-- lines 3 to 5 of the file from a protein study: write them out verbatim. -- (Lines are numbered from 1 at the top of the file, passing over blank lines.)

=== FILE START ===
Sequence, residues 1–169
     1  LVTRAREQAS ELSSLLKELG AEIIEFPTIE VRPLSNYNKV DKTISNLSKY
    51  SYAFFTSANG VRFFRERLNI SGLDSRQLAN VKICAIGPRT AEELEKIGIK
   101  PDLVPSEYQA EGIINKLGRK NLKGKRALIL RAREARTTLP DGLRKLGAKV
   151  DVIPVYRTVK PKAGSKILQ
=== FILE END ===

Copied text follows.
    51  SYAFFTSANG VRFFRERLNI SGLDSRQLAN VKICAIGPRT AEELEKIGIK
   101  PDLVPSEYQA EGIINKLGRK NLKGKRALIL RAREARTTLP DGLRKLGAKV
   151  DVIPVYRTVK PKAGSKILQ